Distance not only gives nostalgia, but perspective, and maybe objectivity.
I encourage students to pursue an idea far enough so they can see what the cliches and stereotypes are. Only then do they begin to hit pay dirt.
I learned to impersonate the kind of person that talks about poetry. It comes from teaching, I think.
I seem to keep returning to my father in poems because his personality was so extreme, so driven. He did everything to excess.
I think that it's more likely that in my 60s and 70s I will be writing poetry rather than fiction.
If people associate me with a region, that's fine with me.
In the best fiction, the language itself can become almost invisible.
In the later books I am much more at home in the use of language to describe things. I had never thought of that until a critic pointed that out.
Maybe the example of Southern fiction writing has been so powerful that Southern poets have sort of keyed themselves to that.
Neither of my parents has been very sensitive about my writing.
I don't think the creative writing industry has helped American poetry.
I considered going to film school; I took a course in film and was very interested in filmmaking as well as film writing.
Fiction is about intimacy with characters, events, places.
I don't think poetry is something that can be taught. We can encourage young writers, but what you can't teach them is the very essence of poetry.
I love to create interesting textures with language. You can do it as long as it seems like a discovery.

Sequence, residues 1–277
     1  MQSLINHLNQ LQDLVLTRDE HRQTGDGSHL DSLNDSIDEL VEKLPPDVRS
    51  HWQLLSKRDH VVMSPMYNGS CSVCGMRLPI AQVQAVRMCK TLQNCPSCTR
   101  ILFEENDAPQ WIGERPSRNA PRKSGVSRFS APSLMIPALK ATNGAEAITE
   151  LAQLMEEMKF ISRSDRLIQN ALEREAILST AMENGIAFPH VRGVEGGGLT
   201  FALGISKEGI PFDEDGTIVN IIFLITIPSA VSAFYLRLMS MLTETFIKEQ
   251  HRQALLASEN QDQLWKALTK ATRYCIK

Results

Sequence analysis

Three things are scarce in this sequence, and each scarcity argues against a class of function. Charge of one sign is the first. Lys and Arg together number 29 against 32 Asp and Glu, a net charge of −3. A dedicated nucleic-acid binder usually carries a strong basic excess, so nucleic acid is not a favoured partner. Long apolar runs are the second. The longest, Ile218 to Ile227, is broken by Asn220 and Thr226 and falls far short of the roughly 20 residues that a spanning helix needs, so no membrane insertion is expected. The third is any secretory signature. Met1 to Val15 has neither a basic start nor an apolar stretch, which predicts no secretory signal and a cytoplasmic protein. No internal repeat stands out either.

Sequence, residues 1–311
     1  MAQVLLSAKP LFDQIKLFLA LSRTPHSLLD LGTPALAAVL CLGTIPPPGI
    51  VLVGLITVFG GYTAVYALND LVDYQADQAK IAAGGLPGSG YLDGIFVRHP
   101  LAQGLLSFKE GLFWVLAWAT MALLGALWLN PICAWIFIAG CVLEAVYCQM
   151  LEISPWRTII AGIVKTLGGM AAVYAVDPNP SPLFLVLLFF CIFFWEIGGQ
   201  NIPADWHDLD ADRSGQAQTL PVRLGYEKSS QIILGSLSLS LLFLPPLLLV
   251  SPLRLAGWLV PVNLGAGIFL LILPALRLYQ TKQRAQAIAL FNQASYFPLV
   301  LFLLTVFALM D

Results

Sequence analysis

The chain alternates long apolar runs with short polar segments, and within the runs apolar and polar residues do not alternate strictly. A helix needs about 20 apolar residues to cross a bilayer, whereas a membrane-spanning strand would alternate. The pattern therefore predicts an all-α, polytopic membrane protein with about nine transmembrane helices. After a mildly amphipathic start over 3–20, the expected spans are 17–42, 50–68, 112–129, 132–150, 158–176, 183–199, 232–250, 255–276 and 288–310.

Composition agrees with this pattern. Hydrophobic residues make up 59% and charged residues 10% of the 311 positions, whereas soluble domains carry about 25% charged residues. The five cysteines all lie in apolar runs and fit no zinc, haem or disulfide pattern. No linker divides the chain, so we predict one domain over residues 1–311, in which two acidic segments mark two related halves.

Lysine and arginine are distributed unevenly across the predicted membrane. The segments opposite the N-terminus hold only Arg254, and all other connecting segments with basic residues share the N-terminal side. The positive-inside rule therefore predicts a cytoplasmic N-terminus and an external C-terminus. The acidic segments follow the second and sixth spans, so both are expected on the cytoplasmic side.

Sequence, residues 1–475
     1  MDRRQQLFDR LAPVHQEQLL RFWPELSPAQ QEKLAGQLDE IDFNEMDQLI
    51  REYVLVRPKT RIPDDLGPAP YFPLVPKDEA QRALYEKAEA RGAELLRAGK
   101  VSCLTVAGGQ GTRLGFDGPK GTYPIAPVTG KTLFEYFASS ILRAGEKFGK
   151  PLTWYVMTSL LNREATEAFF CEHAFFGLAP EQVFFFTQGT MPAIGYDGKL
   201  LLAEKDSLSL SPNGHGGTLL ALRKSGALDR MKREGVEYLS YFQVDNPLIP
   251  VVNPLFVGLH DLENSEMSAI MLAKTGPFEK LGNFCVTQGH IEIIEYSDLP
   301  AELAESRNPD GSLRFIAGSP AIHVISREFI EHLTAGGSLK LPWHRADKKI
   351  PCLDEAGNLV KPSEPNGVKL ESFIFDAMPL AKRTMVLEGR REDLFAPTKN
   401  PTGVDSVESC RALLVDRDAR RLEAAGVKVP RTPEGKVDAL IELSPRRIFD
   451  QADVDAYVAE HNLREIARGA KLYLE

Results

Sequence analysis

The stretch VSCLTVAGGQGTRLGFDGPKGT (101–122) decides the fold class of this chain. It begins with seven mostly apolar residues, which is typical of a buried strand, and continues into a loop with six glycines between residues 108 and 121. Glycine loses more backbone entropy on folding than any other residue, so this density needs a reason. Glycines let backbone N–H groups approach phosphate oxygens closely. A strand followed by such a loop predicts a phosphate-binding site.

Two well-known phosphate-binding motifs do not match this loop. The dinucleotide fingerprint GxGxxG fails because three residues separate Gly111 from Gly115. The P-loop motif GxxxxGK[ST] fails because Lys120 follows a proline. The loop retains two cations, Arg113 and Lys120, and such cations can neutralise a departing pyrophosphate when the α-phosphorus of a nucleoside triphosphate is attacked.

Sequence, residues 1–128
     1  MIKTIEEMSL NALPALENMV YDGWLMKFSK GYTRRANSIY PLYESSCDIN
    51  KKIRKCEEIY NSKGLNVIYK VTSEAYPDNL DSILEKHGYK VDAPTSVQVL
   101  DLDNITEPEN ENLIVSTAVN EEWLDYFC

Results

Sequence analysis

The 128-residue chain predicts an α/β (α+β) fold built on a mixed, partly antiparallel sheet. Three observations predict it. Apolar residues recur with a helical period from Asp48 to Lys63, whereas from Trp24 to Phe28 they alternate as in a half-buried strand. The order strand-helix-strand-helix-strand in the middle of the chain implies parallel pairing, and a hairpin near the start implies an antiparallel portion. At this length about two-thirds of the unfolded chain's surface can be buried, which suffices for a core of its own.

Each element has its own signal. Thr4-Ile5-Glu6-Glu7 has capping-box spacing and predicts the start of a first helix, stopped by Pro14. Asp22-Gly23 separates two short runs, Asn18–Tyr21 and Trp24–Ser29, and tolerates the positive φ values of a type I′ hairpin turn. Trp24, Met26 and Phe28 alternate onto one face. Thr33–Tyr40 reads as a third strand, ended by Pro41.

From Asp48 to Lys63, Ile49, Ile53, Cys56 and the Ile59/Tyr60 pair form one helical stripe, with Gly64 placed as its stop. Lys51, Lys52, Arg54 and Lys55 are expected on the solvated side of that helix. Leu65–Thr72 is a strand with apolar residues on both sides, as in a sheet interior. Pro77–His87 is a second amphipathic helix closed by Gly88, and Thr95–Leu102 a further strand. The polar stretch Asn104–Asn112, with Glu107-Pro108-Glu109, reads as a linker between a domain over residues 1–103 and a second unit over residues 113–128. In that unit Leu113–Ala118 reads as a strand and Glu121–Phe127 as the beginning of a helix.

You have to really dive deep back into yourself and get rid of so much modern analytical categorization. It's one of the great things poetry does.
If a poem is not memorable, there's probably something wrong. One of the problems of free verse is that much of the free verse poetry is not memorable.
It was less a literary thing than a linguistic, philosophical preoccupation... discovering how far you can go with language to create immediate, elementary experience.
A lot of my students are Asian-American, and it has been thrilling to watch them break through the stereotypes into something alive and surprising.
Our most famous writers are Faulkner and Eudora Welty and Flannery O'Connor. It would make sense that the poetry would reflect some of those same values, some of the same techniques.
The Language Poets are writing only about language itself. The Ashbery poets are writing only about poetry itself. That seems to me a kind of dead end.
The great watershed of modern poetry is French, more than English.
Pound's translation of Chinese poetry was maybe the most important thing I read. Eliot a little bit later.
In the late 60s and early 70s, I did get interested in voices, and in narration and embodying the voice, making the poem sound like a real person talking.
I write as a way of keeping myself going. You build your life around writing, and it's what gets you through. So it's partly just curiosity to see what you can do.
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